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Italian Yearbook of Human Rights 2015

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Edited By Interdepartmental Centre on Human Rights

The Italian Yearbook of Human Rights 2015 provides a dynamic and up-to-date overview of the measures Italy has taken to adapt its legislation and policies to international human rights law and to comply with commitments voluntarily assumed by the Italian Government at the international level.
The 2015 Yearbook surveys the activities of the relevant national and local Italian actors, including governmental bodies, civil society organisations and universities. It also presents reports and recommendations that have been addressed to Italy in 2014 by international monitoring bodies within the framework of the United Nations, the Council of Europe and the European Union. Finally, the Yearbook provides a selection of international and national case-law that casts light on Italy’s position vis-à-vis internationally recognised human rights.
«Italy and Human Rights in 2014: the Challenge of National/International Constitutional Synergism» is the focus of the introductory section of the Yearbook. The complex network of monitoring actions carried out by the supranational bodies, and the relative reporting requirements Italy must meet, can only be viewed in the context of reciprocal exchange and strengthening between the provisions enshrined in the national Constitution and international human rights law.
The Italian Agenda of Human Rights 2015 represents an updated orientation tool intended to support the commitment taken by the Italian Government in the framework of the second Universal Periodic Review (October 2014) before the UN Human Rights Council.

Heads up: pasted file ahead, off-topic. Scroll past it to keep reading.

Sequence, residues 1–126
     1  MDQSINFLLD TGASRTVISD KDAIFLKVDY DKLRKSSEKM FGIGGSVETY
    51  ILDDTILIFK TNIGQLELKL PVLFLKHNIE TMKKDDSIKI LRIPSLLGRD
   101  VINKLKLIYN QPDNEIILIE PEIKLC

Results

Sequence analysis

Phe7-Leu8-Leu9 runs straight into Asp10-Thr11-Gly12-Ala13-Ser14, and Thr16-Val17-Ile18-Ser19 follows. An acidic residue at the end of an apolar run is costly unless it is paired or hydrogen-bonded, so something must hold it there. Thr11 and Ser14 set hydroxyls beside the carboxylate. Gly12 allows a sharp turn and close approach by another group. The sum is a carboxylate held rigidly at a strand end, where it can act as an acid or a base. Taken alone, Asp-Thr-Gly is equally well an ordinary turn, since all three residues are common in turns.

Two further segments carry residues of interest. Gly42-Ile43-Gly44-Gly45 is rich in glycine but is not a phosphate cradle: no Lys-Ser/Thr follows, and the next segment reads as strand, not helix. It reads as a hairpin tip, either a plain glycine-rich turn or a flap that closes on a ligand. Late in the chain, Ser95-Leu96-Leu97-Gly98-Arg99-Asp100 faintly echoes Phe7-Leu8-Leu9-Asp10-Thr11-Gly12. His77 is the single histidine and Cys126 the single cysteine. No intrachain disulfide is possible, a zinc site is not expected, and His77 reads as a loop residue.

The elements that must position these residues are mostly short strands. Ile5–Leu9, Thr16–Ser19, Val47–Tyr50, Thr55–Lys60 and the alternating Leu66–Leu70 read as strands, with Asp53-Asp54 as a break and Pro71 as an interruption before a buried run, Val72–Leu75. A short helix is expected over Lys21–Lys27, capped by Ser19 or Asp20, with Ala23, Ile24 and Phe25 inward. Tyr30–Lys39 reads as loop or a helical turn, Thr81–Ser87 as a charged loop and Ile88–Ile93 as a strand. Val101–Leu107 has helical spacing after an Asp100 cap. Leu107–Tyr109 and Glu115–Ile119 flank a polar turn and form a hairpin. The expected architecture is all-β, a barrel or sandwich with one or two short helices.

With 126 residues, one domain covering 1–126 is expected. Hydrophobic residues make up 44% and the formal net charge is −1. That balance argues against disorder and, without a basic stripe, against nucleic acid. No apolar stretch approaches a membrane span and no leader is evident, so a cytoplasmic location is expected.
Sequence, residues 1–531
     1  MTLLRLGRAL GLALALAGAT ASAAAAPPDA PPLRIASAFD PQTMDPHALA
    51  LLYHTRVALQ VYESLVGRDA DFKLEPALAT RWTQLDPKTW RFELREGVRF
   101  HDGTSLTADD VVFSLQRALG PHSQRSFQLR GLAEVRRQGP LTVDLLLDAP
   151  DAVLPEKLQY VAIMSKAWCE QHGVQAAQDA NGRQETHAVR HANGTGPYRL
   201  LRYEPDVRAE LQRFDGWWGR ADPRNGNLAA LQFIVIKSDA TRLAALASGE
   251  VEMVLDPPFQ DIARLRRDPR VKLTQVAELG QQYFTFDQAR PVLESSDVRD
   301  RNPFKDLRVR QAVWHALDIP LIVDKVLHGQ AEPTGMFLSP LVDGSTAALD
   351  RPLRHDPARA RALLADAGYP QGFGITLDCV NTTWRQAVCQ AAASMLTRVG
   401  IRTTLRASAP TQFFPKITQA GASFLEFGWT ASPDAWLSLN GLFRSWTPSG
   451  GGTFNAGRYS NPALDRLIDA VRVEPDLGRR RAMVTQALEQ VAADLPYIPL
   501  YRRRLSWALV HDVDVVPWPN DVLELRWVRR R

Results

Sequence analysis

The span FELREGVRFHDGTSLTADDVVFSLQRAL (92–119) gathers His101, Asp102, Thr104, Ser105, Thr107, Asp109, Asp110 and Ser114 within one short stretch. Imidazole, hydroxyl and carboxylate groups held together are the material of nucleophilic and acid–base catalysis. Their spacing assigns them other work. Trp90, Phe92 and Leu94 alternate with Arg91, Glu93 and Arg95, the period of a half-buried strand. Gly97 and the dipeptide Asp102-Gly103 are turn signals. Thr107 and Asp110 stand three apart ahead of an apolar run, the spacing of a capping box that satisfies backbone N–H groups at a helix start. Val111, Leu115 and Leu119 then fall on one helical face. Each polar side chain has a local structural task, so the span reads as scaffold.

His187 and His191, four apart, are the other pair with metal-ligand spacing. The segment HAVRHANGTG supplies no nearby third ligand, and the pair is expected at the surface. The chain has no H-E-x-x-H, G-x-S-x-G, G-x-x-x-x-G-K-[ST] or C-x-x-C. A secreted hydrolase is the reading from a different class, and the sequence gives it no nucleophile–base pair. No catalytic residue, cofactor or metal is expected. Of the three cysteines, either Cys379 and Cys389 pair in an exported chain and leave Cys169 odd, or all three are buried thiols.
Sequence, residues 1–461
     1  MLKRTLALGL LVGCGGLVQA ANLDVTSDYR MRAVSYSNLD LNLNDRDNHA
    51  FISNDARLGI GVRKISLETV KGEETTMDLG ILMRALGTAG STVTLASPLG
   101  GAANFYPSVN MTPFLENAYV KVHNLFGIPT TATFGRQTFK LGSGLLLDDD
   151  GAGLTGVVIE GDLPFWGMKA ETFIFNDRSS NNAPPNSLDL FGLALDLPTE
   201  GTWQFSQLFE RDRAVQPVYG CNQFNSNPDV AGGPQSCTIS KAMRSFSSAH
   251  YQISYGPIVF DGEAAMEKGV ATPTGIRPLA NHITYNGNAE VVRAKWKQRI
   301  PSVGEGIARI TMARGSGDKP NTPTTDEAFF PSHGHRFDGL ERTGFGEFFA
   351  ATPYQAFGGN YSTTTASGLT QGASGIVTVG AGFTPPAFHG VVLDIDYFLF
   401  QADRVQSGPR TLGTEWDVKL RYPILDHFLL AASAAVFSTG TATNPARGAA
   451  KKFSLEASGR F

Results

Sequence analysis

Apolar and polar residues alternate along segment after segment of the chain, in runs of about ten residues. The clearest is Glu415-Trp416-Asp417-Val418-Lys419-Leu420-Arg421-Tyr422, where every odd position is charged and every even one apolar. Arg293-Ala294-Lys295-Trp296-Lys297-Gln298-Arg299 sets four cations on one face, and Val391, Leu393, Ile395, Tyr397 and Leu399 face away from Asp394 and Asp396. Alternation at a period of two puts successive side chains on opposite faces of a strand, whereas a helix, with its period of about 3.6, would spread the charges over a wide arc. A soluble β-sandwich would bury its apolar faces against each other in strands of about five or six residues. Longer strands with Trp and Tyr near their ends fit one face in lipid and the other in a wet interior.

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Human Rights in Italian Case-law

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As in the previous editions of this Yearbook, this section presents some examples taken from the jurisprudence of the Italian courts in 2014 in which human rights as articulated in the main international sources have been given a special place. Emphasis has been put on the case-law of the Constitutional Court and of the Court of Cassation. The aim, as always, is to not to provide a comprehensive survey of the court’s practice, rather to help identifying trends and patterns in the practice of Italian courts as regards human rights issues.

In a decision likely to spark the debate also at the international level, the Constitutional Court – judgment 238/2014 – pronounced the unconstitutionality of some provisions of the law 14 January 2013, No. 5, giving execution to the judgment of the International Court of Justice (ICJ) that adjudicated the dispute between Italy and Germany on State immunity in foreign courts.

The issue of constitutionality (see 2013 Yearbook, pp. 310 and 374) was raised in connection with a number of judgments of Italian courts that ordered Germany to pay compensation to Italian military internees who survived imprisonment and forced labour in Nazi concentration camps during the Second World War. In 2008 Germany sued the Italian State before the ICJ, maintaining that such decisions were in breach of the principle of State immunity from proceedings in foreign courts. The ICJ, in a ruling published on 3 February 2012, backed the position taken by Germany, hence the adoption by the...

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